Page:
Relationship seekers today are likely to go through a series of lovers before committing to a long-term relationship. Sadly, some don’t ever succeed in finding the kind of love they seek. If they keep trying but continue to fail, they become so disillusioned that they finally give up and stop risking their hearts.

Sequential set-backs leave emotional scars. They also can turn people into cynics and pessimists, certain that the promise of true love will only become a reality to very few. With each new failure, they become less willing to risk the next time around.

Most people who are cumulatively wounded in love eventually put walls around their vulnerability, believing that is the best way to avoid being hurt again. If they don’t let their partners know that they need or might depend on their love, they won’t risk anything they aren’t able to lose. Unfortunately, that “nothing ventured-nothing lost” philosophy also dooms whatever love might have flourished had it been given a chance.

There are two very common ways that people keep love at bay. They can either not ever let love in so that the walls around their hearts remain impenetrable, or they can withhold the love they do feel inside so that their partners cannot get access to it. The latter are the love-withholders, those partners who are too afraid to let their partners know what they feel inside. They are concerned that, once their vulnerability is exposed, they might be helpless to protect themselves if their partners go away. They do not intend to deprive their partners, and are fully aware that their partners are putting more into the relationship than they are, yet can’t seem to feel safe doing anything else.

Over the last four decades of my therapeutic career, I have asked many of my patients why and how they became love-withholders. Here are some examples of how they feel inside.

Gene

“I was always a little shy as a kid. My mom lavished her affection on me, but it mostly made me feel uncomfortable. I tolerated it because I didn’t want to hurt her and I knew my dad didn’t show her the love she needed. When I got older, I pretty much stayed away from women who needed to be pursued. Maybe I worried about rejection, I don’t know. Or, maybe I just didn’t want to work that hard, but that’s probably an excuse. Women often told me I was a cool guy, not pushy like most of the others. They liked being in charge of the situation, I guess. They’d try anything to get me to tell them I cared. I think I just didn’t want them to know, because maybe they’d want control me or ask for more than I could give. I think, in retrospect, I’ve hurt a lot of my partners, but I never meant to.”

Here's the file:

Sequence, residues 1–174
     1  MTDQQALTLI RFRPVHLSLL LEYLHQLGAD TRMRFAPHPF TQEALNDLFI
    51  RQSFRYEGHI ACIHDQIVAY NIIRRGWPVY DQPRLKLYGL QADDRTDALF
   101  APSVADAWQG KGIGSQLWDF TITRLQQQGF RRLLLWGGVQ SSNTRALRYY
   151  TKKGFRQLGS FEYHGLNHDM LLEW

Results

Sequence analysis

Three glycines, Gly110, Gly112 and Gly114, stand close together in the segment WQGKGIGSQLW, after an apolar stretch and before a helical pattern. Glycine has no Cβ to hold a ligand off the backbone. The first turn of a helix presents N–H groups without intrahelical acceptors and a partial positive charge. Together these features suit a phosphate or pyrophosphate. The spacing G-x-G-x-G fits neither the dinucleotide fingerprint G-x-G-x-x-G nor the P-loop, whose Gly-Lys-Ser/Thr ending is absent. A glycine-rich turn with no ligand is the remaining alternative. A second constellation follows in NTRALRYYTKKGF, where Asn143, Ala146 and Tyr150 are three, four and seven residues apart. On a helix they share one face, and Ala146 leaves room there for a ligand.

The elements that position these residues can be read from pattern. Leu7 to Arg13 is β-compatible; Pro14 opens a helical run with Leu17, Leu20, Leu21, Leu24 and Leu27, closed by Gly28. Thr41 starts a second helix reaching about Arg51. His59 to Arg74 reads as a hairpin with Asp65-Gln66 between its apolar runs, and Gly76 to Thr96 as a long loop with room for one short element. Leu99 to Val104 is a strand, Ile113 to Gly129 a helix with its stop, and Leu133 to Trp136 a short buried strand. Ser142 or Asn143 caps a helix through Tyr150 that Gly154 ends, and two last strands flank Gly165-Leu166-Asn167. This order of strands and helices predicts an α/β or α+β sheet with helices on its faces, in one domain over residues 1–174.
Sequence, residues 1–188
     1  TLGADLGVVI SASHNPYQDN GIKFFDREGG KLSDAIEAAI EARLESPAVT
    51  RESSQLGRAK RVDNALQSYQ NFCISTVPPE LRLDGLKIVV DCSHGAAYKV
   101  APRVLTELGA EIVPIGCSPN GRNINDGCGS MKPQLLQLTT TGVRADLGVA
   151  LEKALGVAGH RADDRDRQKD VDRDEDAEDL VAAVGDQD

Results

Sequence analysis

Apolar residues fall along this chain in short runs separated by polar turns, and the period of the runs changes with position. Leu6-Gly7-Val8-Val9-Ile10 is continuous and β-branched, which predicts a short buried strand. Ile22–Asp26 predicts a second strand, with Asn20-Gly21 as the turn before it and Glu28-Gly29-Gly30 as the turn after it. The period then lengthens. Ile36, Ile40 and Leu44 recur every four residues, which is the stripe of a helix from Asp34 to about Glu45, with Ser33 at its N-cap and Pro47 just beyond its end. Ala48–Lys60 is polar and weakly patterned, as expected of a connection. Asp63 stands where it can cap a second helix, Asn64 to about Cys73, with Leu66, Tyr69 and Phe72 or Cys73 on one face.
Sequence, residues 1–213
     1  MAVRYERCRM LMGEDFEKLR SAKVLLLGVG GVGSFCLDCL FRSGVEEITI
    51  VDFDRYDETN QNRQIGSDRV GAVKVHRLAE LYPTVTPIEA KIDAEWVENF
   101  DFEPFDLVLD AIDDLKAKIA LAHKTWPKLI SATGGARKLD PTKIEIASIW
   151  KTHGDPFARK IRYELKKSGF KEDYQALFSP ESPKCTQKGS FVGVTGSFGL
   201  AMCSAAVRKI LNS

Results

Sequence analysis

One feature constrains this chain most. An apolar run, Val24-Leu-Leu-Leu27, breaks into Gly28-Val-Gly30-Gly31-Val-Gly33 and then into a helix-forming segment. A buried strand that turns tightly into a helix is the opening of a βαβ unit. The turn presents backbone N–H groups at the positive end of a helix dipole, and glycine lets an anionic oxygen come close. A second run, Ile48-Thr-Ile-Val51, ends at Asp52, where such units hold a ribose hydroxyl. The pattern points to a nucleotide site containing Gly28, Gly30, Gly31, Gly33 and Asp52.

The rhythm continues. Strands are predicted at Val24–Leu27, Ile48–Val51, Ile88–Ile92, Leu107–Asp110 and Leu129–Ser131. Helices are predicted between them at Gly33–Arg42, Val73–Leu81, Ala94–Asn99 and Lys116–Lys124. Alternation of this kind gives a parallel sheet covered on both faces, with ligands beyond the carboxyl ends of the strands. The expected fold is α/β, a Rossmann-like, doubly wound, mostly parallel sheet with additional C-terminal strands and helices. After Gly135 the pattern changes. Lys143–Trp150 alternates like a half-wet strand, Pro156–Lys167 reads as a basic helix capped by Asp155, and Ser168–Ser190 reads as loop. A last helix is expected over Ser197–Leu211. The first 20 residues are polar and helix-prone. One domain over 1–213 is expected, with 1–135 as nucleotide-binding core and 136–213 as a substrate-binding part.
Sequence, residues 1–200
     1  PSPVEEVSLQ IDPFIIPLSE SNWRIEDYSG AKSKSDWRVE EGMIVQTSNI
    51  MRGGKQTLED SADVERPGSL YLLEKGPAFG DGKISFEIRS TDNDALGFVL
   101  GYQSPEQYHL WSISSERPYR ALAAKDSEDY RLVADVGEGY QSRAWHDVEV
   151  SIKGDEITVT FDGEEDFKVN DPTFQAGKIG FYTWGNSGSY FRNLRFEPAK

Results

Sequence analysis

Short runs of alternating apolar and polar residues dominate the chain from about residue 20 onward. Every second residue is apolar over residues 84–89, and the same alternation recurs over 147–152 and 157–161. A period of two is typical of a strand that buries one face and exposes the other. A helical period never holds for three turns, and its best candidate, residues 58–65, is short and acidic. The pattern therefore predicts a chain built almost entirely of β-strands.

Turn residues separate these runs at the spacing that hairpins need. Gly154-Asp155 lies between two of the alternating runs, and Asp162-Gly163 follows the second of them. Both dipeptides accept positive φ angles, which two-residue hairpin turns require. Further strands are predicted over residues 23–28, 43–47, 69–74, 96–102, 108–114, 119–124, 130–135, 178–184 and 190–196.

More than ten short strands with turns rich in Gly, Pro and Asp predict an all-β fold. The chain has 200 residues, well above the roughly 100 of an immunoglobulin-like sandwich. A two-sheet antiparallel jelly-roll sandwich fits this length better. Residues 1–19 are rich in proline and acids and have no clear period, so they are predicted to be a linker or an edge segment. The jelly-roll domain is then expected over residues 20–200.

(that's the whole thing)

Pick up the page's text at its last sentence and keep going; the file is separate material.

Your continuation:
Josie

“I’ve always had deep feelings for my partners but I never wanted them to know. I was always afraid that they wouldn’t feel the same if they knew, or I’d scare them away. I daydreamed a lot as a young girl, creating romantic fantasies in my head. Somehow, the right guy would just know how I felt and be able to sort of bring me out. I could be very sexual and know how to be desirable but saying or showing my vulnerable emotions, just forget it. Men often told me I was mysterious. I guess I got to like that label. But, I’m so lonely inside for a relationship where I could be more authentic.”

Ben

“Women scare the hell out of me. You tell them where you’re vulnerable or needy, and they move right in. I’d just as soon keep my internal world private. That way you don’t risk anything you don’t want to lose. The men in my family have always been silent. We’d do anything for our women, but they don’t get to rule our hearts. Some people see me as a push-over. That’s probably true. I hate conflict so I just let my partners rule the roost, but only on the outside. They know that if they push, I’ll pull away. My girlfriend told me I’m like an armadillo. She’s probably right. Sometimes I see her crying and I feel like an idiot, but I just can’t tell her. It’s too hard.”

Marianne

“I stay friends with a lot of my past partners. It’s so amazing. They all tell me the same thing. They never knew how much I cared about them until later, when we weren’t together anymore and I felt comfortable letting them know. It’s kind of sad that always happens but I don’t know how to change it. My therapist told me that it has to do with my relationship with my dad. I always wanted to tell him how much I loved him but he was so quiet and in to himself, I didn’t want to make him uncomfortable. I told him on his death bed that I loved him, and he turned his head away from me and started to cry. I wanted desperately to hug him, but I couldn’t, not after all those years of holding back.”